Tondo police officials relieved after 'secret jail cell' exposed

WATCH: 12 people detained behind shelves in Manila Police Station

Metro Manila (CNN Philippines, April 28) — The chief of the Tondo police station in Manila and 12 others were relieved from their posts on Friday following the discovery of people detained behind a sliding bookshelf.

Metro Manila police chief Supt. Oscar Albayalde announced on Friday the relief of Manila Police District Station 1 commander S/Supt. Robert Domingo and 12 members of the station's Drug Enforcement Unit headed by Senior Inspector Edwin Fuggan pending an investigation.

The police station detained 12 people linked to illegal drugs. Some claimed they were held for eight days without an inquest. But Albayalde said they were arrested only on Thursday.

A detainee claimed the police asked for P40,000 for their release. Others claimed they were tortured.

Albayalde orders probe

Albayalde vowed a thorough investigation by the PNP-Internal Affairs Service.

"Hindi natin tinotolerate yan. This will all be investigated. Hindi natin jinujustify yung ginawa ng mga tauhan natin," he said.

[Translation: We do not tolerate it. This will all be investigated. We are not justify the actions of our officers.]

Domingo refused to give a statement to the media.

Police welcomes CHR inspection

Officers of the Commission on Human Rights went to the Manila Police District Station 1 Thursday night after receiving a tip.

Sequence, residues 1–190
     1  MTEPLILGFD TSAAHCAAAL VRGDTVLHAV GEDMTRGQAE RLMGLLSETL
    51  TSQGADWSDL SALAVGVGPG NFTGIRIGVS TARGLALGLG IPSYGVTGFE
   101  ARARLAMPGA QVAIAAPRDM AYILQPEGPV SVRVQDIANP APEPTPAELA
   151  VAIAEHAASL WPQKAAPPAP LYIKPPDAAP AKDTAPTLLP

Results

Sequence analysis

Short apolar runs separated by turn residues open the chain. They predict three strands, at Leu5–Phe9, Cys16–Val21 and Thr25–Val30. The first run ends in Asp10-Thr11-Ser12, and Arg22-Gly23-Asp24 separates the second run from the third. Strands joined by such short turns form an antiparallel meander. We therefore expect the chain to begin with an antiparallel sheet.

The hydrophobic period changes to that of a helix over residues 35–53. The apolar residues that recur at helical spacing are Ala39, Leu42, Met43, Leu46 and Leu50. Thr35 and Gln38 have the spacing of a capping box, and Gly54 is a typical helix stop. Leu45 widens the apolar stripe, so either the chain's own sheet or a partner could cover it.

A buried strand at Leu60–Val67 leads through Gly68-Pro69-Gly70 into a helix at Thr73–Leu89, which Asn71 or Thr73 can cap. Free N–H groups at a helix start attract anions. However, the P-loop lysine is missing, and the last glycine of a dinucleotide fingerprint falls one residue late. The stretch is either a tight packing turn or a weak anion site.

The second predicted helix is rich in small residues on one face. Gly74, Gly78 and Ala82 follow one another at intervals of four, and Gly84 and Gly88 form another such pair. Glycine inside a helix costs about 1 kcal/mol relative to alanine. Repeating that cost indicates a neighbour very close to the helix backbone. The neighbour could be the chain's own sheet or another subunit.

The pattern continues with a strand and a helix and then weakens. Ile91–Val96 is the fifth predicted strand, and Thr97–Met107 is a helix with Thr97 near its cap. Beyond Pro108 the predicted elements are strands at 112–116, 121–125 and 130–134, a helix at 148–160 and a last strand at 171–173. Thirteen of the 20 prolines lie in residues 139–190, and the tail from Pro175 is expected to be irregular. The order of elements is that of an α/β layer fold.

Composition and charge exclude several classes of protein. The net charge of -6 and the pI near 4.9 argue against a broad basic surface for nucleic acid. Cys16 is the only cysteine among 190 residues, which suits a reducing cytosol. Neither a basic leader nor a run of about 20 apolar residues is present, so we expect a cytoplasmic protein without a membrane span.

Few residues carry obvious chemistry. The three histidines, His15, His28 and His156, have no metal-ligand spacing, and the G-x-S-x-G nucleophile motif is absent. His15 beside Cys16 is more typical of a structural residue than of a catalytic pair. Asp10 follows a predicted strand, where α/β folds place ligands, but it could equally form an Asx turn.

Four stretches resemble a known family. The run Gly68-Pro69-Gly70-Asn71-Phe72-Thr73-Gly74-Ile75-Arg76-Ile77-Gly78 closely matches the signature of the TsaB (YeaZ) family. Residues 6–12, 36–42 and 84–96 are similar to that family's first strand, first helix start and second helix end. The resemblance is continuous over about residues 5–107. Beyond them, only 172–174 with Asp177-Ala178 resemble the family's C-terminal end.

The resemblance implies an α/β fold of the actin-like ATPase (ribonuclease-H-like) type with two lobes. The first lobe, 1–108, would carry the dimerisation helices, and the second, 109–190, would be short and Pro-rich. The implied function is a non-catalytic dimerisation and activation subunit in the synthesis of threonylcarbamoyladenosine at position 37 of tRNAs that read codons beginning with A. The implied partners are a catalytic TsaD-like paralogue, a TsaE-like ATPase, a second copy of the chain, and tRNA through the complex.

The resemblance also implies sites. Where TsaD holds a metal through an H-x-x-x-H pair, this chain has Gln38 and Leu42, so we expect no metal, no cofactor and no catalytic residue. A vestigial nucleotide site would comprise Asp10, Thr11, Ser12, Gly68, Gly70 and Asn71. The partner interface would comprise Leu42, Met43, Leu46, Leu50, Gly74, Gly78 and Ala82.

The 12 detainees were cramped in a one meter by 6 meter makeshift holding room.

 

Albayalde denied the persons were held in a "secret jail cell," adding a bookshelf was used to block entry to the room because it has no door.

"It's not really secret. Parang daanan siya na sinara lang. Ang sabi ng station commander, temporarily 'yun lang ang ginawa niyang staging area while the suspects are being conducted and booking nila ay ginagawa," Albayalde said.

Albayalde said overcrowded cells forced the station officials to temporarily use the area as a holding facility.

He added the police welcome the surprise inspection to highlight the issue of overcrowding in jails.

"Basically talagang wala naman sa standard no?... Kaya welcome na welcome po yung ginawa ng Commission on Human Rights para inspekin yung mga naka detain natin. That is a welcome development for all of us," he said.

Albayalde said detention facilities got crowded when the administration carried out its war on drugs.

The Commission on Human Rights said it is willing to recommend cases against the police officers once the investigation is complete. Among possible cases are illegal detention and torture.